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Chapter 21 The Sack

The gates of mercy shall be all shut up, And the flesh'd soldier, rough and hard of heart, In liberty of bloody hand shall range, With conscience wide as hell.

HENRY V

The surprised and affrighted garrison of the Castle of Schonwaldt had, nevertheless, for some time made good the defence of the place against the assailants, but the immense crowds which, issuing from the city of Liege, thronged to the assault like bees, distracted their attention, and abated their courage.

There was also disaffection at least, if not treachery, among the defenders, for some called out to surrender, and others, deserting their posts, tried to escape from the castle. Many threw themselves from the walls into the moat, and such as escaped drowning, flung aside their distinguishing badges, and saved themselves by mingling among the motley crowd of assailants. Some few, indeed, from attachment to the Bishop's person, drew around him, and continued to defend the great keep, to which he had fled, and others, doubtful of receiving quarter, or from an impulse of desperate courage, held out other detached bulwarks and towers of the extensive building. But the assailants had got possession of the courts and lower parts of the edifice, and were busy pursuing the vanquished, and searching for spoil, while one individual, as if he sought for that death from which all others were flying, endeavoured to force his way into the scene of tumult and horror, under apprehensions still more horrible to his imagination than the realities around were to his sight and senses. Whoever had seen Quentin Durward that fatal night, not knowing the meaning of his conduct, had accounted him a raging madman, whoever had appreciated his motives, had ranked him nothing beneath a hero of romance.

Approaching Schonwaldt on the same side from which he had left it, the youth met several fugitives making for the wood, who naturally avoided him as an enemy, because he came in an opposite direction from that which they had adopted. When he came nearer, he could hear, and partly see, men dropping from the garden wall into the castle fosse, and others who seemed precipitated from the battlements by the assailants. His courage was not staggered, even for an instant. There was not time to look for the boat, even had it been practicable to use it, and it was in vain to approach the postern of the garden, which was crowded with fugitives, who ever and anon, as they were thrust through it by the pressure behind, fell into the moat which they had no means of crossing.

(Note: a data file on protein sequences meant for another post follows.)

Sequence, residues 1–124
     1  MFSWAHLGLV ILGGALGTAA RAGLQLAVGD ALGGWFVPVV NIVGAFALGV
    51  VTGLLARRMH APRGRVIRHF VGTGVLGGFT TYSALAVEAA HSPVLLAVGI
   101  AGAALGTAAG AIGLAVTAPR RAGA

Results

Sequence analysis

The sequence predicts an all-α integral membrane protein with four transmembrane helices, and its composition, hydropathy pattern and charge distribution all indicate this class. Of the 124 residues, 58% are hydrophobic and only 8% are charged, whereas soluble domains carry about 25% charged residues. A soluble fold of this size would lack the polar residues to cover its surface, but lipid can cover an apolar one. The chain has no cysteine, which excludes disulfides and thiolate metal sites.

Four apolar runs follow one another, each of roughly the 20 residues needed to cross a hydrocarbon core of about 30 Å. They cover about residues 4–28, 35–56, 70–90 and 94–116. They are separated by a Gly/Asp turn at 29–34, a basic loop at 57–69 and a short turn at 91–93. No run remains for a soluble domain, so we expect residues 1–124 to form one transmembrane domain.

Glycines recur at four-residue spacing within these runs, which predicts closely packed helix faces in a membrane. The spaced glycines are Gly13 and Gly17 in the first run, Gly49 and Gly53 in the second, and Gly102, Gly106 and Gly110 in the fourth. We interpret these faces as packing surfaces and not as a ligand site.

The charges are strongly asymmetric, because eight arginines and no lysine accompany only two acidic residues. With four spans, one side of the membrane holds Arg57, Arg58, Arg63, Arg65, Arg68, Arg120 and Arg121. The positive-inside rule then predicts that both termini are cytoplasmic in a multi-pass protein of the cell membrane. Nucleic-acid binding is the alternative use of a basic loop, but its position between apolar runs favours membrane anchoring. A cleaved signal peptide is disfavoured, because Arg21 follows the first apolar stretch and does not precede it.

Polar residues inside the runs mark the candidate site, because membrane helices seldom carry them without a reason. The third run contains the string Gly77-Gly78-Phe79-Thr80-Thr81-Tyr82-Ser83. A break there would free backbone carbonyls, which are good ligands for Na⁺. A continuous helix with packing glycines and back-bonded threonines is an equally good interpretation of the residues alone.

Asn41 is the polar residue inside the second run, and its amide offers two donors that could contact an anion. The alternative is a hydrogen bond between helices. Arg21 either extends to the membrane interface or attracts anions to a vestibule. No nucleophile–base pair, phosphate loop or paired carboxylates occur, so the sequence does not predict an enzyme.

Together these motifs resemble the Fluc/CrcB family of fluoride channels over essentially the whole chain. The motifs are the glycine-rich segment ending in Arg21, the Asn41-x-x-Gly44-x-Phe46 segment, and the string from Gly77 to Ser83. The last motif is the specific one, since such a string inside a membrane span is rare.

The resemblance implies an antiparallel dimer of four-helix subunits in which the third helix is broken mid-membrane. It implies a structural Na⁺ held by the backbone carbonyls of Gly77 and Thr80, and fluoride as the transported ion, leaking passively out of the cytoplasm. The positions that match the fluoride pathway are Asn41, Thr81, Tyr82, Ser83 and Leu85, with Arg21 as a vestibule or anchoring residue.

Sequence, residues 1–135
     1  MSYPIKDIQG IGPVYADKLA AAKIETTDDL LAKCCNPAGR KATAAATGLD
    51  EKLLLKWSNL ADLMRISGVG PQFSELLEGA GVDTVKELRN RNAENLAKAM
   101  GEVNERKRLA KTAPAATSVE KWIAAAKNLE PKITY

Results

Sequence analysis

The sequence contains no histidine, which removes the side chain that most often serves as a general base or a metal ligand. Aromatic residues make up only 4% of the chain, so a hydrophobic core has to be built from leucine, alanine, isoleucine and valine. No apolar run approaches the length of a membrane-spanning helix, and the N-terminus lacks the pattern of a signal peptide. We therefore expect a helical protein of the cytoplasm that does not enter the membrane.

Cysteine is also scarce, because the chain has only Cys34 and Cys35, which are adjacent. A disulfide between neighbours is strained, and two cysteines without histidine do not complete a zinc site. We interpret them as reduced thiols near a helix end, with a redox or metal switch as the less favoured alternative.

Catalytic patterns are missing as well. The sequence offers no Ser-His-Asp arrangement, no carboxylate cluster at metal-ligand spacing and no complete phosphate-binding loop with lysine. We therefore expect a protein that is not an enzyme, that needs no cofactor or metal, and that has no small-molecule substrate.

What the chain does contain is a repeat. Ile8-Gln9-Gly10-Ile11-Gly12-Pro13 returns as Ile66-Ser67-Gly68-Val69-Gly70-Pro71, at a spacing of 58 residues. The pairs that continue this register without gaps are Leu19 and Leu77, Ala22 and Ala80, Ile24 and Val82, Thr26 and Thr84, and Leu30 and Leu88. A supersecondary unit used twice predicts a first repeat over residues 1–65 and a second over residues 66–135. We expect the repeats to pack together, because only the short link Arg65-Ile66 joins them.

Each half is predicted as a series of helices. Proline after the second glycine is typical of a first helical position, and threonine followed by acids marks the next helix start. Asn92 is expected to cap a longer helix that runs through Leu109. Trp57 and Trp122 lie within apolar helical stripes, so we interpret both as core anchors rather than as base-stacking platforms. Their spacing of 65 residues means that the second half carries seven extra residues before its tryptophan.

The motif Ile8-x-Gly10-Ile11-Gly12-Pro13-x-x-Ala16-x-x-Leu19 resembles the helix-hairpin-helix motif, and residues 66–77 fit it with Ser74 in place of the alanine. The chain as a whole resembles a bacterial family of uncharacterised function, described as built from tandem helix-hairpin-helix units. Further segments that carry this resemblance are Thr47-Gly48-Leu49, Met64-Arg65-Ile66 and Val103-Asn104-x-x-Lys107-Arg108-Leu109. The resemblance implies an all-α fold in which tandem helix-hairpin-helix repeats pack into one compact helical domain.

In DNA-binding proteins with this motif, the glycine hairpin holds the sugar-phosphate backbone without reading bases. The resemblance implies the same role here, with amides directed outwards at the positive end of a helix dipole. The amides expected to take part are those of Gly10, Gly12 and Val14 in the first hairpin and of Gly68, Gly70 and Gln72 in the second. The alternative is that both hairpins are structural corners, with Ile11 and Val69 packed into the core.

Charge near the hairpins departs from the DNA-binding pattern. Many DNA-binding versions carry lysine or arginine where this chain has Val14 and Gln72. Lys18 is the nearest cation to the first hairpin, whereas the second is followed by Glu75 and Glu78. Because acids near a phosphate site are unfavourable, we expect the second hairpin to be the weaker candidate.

Avoiding that point, Quentin threw himself into the moat, near what was called the little gate of the castle, and where there was a drawbridge, which was still elevated. He avoided with difficulty the fatal grasp of more than one sinking wretch, and, swimming to the drawbridge, caught hold of one of the chains which was hanging down, and, by a great exertion of strength and activity, swayed himself out of the water, and attained the platform from which the bridge was suspended. As with hands and knees he struggled to make good his footing, a lanzknecht, with his bloody sword in his hand, made towards him, and raised his weapon for a blow which must have been fatal.

"How now, fellow," said Quentin, in a tone of authority. "Is that the way in which you assist a comrade? -- Give me your hand."

The soldier in silence, and not without hesitation, reached him his arm, and helped him upon the platform, when, without allowing him time for reflection, the Scot continued in the same tone of command, "To the western tower, if you would be rich -- the Priest's treasury is in the western tower."

The words were echoed on every hand: "To the western tower -- the treasure is in the western tower!" And the stragglers who were within, hearing of the cry, took, like a herd of raging wolves, the direction opposite to that which Quentin, come life, come death, was determined to pursue.

Bearing himself as if he were one, not of the conquered, but of the victors, he made a way into the garden, and pushed across it with less interruption than he could have expected, for the cry of "To the western tower!" had carried off one body of the assailants, and another was summoned together, by war cry and trumpet sound, to assist in repelling a desperate sally, attempted by the defenders of the keep, who had hoped to cut their way out of the castle, bearing the Bishop along with them. Quentin, therefore, crossed the garden with an eager step and throbbing heart, commending himself to those heavenly powers which had protected him through the numberless perils of his life, and bold in his determination to succeed, or leave his life in this desperate undertaking. Ere he reached the garden, three men rushed on him with levelled lances, crying, "Liege, Liege!"

Putting himself in defence, but without striking, he replied, "France, France, friend to Liege."

"Vivat France!" cried the burghers of Liege, and passed on. The same signal proved a talisman to avert the weapons of four or five of La Marck's followers, whom he found straggling in the garden, and who set upon him crying, "Sanglier!"

In a word, Quentin began to hope that his character as an emissary of King Louis, the private instigator of the insurgents of Liege, and the secret supporter of William de la Marck, might possibly bear him through the horrors of the night.